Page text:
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News | Published January 23 2020

Tenth of dementia patients spend over a month in hospital after admission

According to a new report from The Alzheimer’s Society, one in ten dementia patients spend over a month in hospital after being admitted.

Analysing emergency admissions in the six years to 2017-2019, The Alzheimer’s Society found that 379,000 patients had been admitted to hospital, an increase of 100,000 since 2012-2013.

These figures may in fact be higher, as dementia is not always recorded on hospital systems. Of these admissions, around 40,000 spent longer than 28 days in hospital.

The chief executive of the Alzheimer’s Society, Jeremy Hughes, said patients were falling through the cracks “of our broken social care system.”

Explaining why dementia patients stay in hospital for so long, Hughes stated: “People with dementia are all too often being dumped in hospital and left there. Many are only admitted because there’s no social care support to keep them safe at home.

“They are commonly spending more than twice as long in hospital as needed, confused and scared.”

In response to this report, ministers said they were “determined” to find solutions. Key to this, ministers said, would be reforming the social care system to ensure that dementia patients can be transferred from hospital to a more suitable environment.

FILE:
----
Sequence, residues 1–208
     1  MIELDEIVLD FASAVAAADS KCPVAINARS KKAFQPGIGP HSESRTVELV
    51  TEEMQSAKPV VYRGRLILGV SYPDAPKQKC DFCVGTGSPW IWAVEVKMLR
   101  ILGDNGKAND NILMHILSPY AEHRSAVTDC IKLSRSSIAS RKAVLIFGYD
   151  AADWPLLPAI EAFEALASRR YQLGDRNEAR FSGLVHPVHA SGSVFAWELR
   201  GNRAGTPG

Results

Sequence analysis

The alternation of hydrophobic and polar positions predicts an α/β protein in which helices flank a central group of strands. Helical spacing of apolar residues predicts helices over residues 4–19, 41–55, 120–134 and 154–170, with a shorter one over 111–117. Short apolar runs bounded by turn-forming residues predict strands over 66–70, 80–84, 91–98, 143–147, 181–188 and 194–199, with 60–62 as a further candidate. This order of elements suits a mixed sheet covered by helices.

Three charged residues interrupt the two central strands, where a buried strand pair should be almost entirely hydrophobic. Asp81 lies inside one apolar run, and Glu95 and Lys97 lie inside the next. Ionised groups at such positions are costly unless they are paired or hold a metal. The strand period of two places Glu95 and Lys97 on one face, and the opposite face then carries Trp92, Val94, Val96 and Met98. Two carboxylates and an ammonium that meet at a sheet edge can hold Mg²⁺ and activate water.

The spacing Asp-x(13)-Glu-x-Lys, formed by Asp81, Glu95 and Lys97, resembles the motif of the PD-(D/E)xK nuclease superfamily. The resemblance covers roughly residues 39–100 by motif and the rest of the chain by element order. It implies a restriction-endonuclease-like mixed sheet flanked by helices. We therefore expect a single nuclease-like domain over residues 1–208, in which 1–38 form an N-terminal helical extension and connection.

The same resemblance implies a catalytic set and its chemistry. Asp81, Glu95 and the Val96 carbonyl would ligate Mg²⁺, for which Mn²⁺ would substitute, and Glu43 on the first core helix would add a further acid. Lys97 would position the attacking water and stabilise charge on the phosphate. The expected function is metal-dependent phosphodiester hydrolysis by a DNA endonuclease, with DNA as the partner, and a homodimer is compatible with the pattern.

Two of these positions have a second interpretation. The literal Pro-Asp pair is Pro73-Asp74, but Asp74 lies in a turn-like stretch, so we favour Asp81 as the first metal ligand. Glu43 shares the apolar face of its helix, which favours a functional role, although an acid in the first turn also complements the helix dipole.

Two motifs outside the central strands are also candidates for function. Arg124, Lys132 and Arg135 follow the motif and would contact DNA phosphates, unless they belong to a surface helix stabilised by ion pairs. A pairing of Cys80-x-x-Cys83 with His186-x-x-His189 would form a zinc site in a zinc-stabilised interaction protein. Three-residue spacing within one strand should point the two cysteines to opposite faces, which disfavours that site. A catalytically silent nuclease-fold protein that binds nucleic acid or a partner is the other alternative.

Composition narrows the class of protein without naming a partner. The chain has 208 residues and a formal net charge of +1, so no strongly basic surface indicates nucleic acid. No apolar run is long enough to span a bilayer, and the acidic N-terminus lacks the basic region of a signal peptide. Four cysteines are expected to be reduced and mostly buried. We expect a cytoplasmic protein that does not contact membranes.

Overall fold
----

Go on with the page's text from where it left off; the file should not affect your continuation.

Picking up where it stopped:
A Department of Health and Social Care spokesperson said: “We know that hospital visits can be distressing for people with dementia which is why there should be high-quality care in the community.”

Calls to reform the social care system have been growing for some time, especially given the repeated delays to the government’s promised social care green paper.

The social care paper was first announced by the Conservative government in the March 2017 Budget and was subsequently reaffirmed as a manifesto commitment during the 2017 general election campaign.

Since that time, however, the publication of the green paper has been delayed several times. Originally due to be published in “summer 2017”, this was changed by the Conservative government to “the end of the year [2017]” following the general election.

In November 2017, the government offered a revised publication date of 25 July 2018 and when this deadline was passed, the date changed to “before the end of the year [2018]”.

In January 2019, the Health and Social Care Secretary, Matt Hancock, announced his intention to publish the paper “before April.”

During the December election campaign, Boris Johnson claimed to have a “clear plan” which would “give every older person the dignity and security they deserve.” In January, however, he backtracked on this pledge, saying that the government would be “bringing forward a proposal” later in 2020. 


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Authored by

George Salmon
Political Editor
@theparlreview
January 23 2020

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